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It’s true that accidents do happen, but there are also ways to keep them from happening.

One way is being vigilant in the use of locks or lockout devices that physically secure each energy isolation point so the equipment they serve can’t be energized during repair or maintenance. Another less-safe way is the use of tags.  Tags should always be used with locks to draw attention to the fact that the equipment is locked out, and to ensure it can’t be inadvertently turned back on.

Lockout/tagout systems involve two types of workers: authorized people and affected people. An authorized person is someone with the knowledge, training and experience to engage in hazardous energy control. The authorized person generally performs the required repair or maintenance and they inform all affected employees that lockout/tagout procedures will be performed before beginning work on the equipment. The authorized person puts on locks and tags, controls the keys to the locks being used, and is the only person allowed to remove locks or tags after work is finished. The authorized person might be the machine’s operator or someone else such as a designated repair person.

An affected person is any worker affected by the equipment being out of service and who is not involved with lockout/tagout or maintenance operations. Employees who work in the same area are also considered affected if their job duties are interrupted by the equipment being shut down. We do not want an affected person turning on equipment by mistake.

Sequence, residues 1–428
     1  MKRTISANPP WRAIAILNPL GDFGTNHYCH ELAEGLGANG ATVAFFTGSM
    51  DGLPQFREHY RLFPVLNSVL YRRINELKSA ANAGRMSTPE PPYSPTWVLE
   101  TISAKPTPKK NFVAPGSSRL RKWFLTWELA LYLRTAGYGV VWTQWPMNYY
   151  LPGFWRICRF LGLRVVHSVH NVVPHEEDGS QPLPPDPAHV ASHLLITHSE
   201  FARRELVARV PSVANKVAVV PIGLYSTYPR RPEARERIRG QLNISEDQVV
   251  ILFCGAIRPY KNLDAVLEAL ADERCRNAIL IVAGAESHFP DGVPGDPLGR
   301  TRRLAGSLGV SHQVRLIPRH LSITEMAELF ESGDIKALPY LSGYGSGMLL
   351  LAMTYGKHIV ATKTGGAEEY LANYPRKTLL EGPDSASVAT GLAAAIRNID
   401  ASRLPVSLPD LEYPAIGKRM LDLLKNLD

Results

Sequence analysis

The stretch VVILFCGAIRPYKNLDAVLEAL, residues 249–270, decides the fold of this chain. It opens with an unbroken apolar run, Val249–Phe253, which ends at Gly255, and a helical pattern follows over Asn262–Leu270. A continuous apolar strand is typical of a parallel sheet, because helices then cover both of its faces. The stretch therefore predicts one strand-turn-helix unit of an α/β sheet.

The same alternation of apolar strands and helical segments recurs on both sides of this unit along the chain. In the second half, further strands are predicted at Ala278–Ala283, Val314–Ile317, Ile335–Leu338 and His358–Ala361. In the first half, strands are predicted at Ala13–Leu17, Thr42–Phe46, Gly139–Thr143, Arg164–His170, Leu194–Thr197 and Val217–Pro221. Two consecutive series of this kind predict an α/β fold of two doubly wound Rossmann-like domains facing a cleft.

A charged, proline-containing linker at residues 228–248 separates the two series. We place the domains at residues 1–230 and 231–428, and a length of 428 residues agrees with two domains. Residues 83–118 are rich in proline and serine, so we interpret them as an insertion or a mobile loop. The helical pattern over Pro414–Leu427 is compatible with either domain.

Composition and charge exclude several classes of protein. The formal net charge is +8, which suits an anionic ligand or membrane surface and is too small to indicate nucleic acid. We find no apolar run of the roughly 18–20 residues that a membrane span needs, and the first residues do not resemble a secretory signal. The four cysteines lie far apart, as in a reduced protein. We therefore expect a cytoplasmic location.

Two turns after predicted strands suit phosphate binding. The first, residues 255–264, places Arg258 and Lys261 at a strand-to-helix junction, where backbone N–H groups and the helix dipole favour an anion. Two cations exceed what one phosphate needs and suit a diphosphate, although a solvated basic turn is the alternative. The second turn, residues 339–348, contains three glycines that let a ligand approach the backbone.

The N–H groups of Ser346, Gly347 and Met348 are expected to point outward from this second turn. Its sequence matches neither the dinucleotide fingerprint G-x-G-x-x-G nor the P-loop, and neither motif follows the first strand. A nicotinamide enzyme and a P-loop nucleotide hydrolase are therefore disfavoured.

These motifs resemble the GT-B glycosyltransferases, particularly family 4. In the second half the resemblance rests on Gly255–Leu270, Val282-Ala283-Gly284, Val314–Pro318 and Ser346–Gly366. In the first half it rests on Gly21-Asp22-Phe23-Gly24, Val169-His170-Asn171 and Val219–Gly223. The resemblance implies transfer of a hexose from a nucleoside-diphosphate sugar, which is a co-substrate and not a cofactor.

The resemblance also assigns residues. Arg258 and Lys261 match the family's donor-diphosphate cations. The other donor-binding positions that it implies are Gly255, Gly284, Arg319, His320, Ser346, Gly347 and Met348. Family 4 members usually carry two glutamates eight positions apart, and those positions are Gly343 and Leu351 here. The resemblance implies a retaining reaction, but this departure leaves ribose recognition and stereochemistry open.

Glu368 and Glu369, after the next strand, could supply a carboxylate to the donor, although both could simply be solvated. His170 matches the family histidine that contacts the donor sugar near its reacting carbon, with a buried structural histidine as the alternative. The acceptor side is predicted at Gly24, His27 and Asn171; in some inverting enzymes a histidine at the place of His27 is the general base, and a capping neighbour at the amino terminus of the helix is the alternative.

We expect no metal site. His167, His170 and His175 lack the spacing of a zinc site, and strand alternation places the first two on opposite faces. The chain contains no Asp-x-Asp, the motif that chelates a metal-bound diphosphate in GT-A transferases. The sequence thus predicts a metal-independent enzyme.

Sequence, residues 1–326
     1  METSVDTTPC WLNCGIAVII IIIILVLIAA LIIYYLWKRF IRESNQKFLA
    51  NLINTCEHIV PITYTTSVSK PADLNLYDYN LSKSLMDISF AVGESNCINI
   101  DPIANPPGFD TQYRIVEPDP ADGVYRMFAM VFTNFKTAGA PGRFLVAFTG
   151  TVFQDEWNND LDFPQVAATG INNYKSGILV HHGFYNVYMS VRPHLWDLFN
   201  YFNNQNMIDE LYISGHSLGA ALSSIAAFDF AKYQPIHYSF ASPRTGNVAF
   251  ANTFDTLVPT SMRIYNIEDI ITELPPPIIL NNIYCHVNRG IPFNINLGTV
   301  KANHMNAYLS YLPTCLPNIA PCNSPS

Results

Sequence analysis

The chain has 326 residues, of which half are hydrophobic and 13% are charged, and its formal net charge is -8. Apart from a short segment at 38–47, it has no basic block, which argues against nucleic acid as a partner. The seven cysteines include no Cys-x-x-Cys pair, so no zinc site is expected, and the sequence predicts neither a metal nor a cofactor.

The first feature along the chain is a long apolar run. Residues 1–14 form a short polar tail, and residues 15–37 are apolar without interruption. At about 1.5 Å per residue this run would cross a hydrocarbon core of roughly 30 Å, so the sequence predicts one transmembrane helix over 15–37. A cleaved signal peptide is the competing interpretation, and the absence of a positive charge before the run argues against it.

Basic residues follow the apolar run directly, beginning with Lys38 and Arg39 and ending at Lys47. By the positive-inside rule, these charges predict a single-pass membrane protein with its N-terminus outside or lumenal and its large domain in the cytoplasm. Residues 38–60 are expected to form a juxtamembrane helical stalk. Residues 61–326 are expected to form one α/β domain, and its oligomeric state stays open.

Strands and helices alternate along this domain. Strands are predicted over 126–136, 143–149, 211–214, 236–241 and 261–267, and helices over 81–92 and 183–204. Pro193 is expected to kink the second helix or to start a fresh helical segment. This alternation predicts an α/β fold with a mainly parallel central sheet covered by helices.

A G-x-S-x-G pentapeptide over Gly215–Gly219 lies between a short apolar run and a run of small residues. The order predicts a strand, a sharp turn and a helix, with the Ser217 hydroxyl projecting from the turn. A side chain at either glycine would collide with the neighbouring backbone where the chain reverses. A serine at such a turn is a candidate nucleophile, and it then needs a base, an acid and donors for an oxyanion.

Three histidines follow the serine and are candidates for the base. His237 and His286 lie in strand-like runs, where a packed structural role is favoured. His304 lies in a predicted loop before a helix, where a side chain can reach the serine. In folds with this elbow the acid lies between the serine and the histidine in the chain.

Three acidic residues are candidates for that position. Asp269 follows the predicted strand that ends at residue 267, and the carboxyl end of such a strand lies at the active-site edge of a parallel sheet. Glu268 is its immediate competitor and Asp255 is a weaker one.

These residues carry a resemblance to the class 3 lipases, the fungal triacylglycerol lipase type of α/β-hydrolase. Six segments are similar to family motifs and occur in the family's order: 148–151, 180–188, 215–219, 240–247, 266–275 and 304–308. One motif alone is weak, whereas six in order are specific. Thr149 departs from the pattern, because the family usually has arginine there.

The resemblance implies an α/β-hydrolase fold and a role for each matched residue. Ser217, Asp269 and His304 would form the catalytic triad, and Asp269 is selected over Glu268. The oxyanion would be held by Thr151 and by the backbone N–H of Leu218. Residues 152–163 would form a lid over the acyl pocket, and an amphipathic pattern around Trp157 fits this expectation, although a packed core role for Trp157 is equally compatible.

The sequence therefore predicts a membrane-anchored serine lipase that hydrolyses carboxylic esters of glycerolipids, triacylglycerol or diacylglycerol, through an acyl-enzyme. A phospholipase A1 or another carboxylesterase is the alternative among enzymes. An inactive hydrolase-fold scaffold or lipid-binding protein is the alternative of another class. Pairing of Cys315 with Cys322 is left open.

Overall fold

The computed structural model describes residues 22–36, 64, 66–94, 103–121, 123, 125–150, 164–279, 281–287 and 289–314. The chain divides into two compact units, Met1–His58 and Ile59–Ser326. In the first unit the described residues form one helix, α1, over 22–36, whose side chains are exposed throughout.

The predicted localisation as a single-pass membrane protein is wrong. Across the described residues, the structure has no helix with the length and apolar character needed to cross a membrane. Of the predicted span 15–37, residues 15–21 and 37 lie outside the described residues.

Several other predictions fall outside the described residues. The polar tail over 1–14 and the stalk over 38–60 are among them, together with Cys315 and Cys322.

A general lockout/tagout procedure can look like this:

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OSHA spells it out pretty clearly: “Working on and around stairways and ladders is hazardous. Stairways and ladders are major sources of injuries and fatalities among construction workers. Many of the injuries are serious enough to require time off the job. OSHA rules apply to all stairways and ladders used in construction, alteration, repair, painting, decorating and demolition of worksites covered by OSHA’s construction safety and health standards.”

   It doesn’t take a brain surgeon to know that by their very nature ladders are inherently dangerous, especially when used incorrectly. And as a result, OSHA has specific rules about using ladders and working near ladders, as well as how ladders should be designed.

    In general, there are three categories of ladders used in the workplace:

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Blog Image Hurricane Season Is Here

Severe weather can occur at any point throughout the year with certain seasons being particularly prone to more frequent and intense storms. Ensuring your safety requires constant preparedness reguardless of the season or time of year.  Power outages can occur for various reasons or a combination of factors. Severe weather conditions such as strong winds, hurricanes, typhoons, tornadoes, extreme temperatures, hail and other natural events like floods, solar flares and earthquakes can lead to power outages. Other contributors of power outages are equipment failure, human error, animals, cyberattacks and grid overloads during periods of high demand. Portable generators can serve as a temporary power source during power outages, but they can also pose deadly risks if improperly installed or operated. The Electrical Safety Foundation International (ESFI) encourages consumers to increase their knowledge of electrical safety, as understanding the hazards associated with portable generators could save lives.

Here are some important facts and statistics:

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